Deer Hunt from Shane’s Castle to Ballymacpeake

One of the most amusing incidents in rural life have ever witnessed, occurred on the 22nd ultimate (22nd October 1849), within a short distance of Portglenone.

The quiet inhabitants of the townland of Coolbawn were surprised to observe a number of persons in full chase after some strange looking animal, at the early hour of 6am, and young and old immediately rushed out en masse to swell the “regular muster” – some, indeed, in their “nocturnal habiliments” — many imagining, as they were not aware of the circumstances that it might be a “still hunt” (the “mountain dew” being sometimes manufactured in the locality), while the well-understood shout of “mad dog!” burst forth from other quarters equally in ignorance.

Deer hunt from Shane’s Castle across Coolbawn & Ballymacpeake townlands,  near Portglenone

Deer hunt across Irish townlands in 1949
North of Ireland – hunt across Coolbawn and Ballymacpeake townlands in County Derry in Oct 1849

Ireland – Deer Hunt Extraordinary

It was amusing to hear the hasty opinions of the country people, as at intervals they beheld the animal bounding from “hollow to hillock;” while one individual swore it was the devil, another, whose physiognomy would have earned compassion for him in any country, was seen pressing forward and exclaiming most vociferously, “It’s my cuddy – its my cuddy the villains are hunting!”

Shouts echoed from valley to valley, various parties were seen struggling with the greatest impetuosity through hedges, crossing rivulets, and clambering over ditches.

By this time the vast concourse, having passed through the townland of Ballymacombs, reached the boggy morass at Ballymacpeake, when it became generally known that the object of pursuit was a splendid stag, with “towering antlers”

“Fleet of foot, and tall of size.”

The deer hunt continued.  A general whoop was now heard from all parties, which, with the yelling of the numerous dogs that accompanied their masters, made the “welkin ring.”

The noble animal, trusting to speed for safety, now took the high road for upwards of a mile during which time frequent discharges of shot were expended, without avail. The stag turned several times, and gazed, as if in wild astonishment, at its pursuers; it even permitted some to approach and lay hold of its antlers, who generally paid for their freedom by a full length toss on the ground, the animal again resuming its course with wonted rapidity.

In the townland of Tamladuff, however, after a run of some four or five miles, a bullet from the piece of a countryman left the animal, now panting from exhaustion, lifeless on the turf,” and thus closed the chase.

A dispute now, “fierce and hot,” arose as to whom the trophy belonged, during which the claimants dealt each other some “plaguing knocks.” Those who were possessed of “curs,” “collies,” and other sub-varieties of the canine species, loudly asserted their right to a quota of the spoil; while the person who fired the “fatal shot” had the prize borne victoriously from the field, on the shoulders of four of his companions — not, however, before the usual indications of a pugilistic conflict were exhibited by man present.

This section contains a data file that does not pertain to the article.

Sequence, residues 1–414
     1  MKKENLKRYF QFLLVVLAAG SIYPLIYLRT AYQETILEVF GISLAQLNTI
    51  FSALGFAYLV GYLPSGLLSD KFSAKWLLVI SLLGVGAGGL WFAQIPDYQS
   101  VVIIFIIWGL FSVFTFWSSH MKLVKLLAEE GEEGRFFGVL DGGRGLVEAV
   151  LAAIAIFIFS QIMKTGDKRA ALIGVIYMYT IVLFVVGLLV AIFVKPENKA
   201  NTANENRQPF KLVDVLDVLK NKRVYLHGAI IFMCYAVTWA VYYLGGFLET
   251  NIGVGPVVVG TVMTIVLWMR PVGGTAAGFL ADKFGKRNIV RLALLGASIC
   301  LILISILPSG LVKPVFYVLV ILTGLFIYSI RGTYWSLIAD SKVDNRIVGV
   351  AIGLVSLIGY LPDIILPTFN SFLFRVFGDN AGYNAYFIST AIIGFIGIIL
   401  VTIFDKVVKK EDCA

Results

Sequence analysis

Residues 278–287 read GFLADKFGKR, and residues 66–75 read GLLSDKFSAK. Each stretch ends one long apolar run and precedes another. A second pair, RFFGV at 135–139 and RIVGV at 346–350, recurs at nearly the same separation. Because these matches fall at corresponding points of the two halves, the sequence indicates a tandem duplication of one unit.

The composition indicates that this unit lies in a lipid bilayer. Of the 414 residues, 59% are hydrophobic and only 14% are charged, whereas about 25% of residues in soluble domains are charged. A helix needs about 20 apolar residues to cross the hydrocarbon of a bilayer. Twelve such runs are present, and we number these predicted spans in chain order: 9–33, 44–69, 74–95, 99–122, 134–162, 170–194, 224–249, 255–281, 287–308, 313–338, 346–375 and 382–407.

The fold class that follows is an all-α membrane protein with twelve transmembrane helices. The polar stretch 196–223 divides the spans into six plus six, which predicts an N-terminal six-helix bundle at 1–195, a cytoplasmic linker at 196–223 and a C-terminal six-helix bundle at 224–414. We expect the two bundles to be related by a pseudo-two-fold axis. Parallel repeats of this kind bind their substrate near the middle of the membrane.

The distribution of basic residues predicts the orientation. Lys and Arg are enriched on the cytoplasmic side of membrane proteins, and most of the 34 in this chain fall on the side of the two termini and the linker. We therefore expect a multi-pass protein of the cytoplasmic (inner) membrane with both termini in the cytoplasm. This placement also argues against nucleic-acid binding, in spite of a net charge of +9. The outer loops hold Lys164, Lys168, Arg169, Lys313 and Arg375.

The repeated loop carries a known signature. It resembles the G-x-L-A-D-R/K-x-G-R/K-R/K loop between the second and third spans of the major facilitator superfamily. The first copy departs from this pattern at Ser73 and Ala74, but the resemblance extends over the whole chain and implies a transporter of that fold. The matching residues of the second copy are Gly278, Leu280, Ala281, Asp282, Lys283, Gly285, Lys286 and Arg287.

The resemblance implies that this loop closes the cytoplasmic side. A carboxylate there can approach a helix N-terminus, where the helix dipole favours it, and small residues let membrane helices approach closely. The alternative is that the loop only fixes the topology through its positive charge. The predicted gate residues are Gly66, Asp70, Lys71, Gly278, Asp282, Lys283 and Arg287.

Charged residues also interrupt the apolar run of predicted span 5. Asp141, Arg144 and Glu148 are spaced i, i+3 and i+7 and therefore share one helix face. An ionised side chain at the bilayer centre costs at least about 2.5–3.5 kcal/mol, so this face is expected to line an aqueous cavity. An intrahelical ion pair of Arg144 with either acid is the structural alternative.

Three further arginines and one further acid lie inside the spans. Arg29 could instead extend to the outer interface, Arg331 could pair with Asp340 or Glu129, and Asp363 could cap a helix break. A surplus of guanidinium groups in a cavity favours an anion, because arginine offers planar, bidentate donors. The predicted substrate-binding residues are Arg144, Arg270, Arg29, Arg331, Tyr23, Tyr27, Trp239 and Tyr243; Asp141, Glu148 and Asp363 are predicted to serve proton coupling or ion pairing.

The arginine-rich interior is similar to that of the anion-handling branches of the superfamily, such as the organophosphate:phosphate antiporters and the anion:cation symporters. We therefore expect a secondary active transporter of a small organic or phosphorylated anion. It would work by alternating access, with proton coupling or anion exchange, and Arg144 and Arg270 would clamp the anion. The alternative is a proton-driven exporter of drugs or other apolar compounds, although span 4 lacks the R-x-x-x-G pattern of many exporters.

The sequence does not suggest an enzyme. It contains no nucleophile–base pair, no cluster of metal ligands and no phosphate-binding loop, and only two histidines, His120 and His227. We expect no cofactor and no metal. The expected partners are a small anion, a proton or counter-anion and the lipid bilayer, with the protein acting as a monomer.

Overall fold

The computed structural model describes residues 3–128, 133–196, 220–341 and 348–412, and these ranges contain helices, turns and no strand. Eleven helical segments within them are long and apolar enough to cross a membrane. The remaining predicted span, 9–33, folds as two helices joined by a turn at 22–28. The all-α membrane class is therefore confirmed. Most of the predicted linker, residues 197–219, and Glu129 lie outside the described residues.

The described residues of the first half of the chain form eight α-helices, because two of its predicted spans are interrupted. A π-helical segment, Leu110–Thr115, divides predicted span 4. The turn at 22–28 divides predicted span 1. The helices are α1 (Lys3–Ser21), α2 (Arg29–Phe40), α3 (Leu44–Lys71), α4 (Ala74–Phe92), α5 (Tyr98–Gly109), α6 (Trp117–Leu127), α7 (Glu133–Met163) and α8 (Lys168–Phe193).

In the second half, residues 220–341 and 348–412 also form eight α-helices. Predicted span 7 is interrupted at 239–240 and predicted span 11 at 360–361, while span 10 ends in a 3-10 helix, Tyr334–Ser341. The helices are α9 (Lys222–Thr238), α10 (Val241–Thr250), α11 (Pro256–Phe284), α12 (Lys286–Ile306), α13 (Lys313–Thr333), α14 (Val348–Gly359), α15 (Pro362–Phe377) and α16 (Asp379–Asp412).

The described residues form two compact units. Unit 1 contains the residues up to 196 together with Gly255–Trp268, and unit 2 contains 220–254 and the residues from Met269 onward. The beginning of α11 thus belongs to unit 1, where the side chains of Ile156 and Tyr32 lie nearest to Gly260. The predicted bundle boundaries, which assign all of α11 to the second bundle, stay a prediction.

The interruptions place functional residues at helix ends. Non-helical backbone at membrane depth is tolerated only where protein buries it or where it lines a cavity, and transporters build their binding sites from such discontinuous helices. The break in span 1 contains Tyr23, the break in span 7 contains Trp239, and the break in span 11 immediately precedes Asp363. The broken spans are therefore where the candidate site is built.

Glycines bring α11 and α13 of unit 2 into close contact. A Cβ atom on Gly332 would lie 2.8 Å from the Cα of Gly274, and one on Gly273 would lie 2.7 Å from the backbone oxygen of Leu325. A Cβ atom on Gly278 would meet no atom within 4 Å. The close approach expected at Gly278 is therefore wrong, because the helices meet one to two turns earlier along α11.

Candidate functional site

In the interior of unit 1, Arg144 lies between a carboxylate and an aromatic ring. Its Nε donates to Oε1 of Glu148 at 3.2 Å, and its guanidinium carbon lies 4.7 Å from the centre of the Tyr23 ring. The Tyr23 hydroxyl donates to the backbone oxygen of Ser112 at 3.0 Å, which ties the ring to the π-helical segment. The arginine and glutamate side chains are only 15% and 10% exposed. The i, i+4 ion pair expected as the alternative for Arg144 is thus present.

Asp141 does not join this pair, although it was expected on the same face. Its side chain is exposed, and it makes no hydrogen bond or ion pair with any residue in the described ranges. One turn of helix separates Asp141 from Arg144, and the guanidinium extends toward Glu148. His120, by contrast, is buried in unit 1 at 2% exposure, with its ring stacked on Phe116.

The animal, which weighed three cwt., is supposed have strayed from Shane’s Castle, and crossed the Bann, near the New Ferry The oldest inhabitants state, that, about 120 years ago, a similar occurrence took place, when a deer performed nearly the same circuit, the people (back then) quarrelling for whole day as who should obtain the dead animal.

The above article appeared in the Coleraine Chronicle – Saturday 10 November 1849

SOME OBSERVATIONS – The poor deer must have been badly frightened, across the many hours of the deer hunt, prior to it’s demise. But such incidents did occur in rural Ireland.  The article, in places, makes use of some old terminology (e.g. hillock, habiliments), unheard of in modern times – as well as using some Scottish based words (e.g. cuddy).   And at one point the article refers to a local declaring that the strange-looking animal was the devil – but interestingly the author of the article refuses to spell out the word ‘devil’ instead using the term “d—l”.  And locals said that the last time such a deer was seen in the area, was some 120 years earier – which would mean during the 1720s.  The article also refers to the production of mountain dew (or moonshine to our American cousins) being common in the Ballymacpeake area (especially in Eden moss).  Illegal spirits production was big across Ireland. A future article will focus on Eden’s mountain dew 🙂 Watch this space.



"I have spread my dreams beneath your feet. Tread softly because you tread on my dreams."

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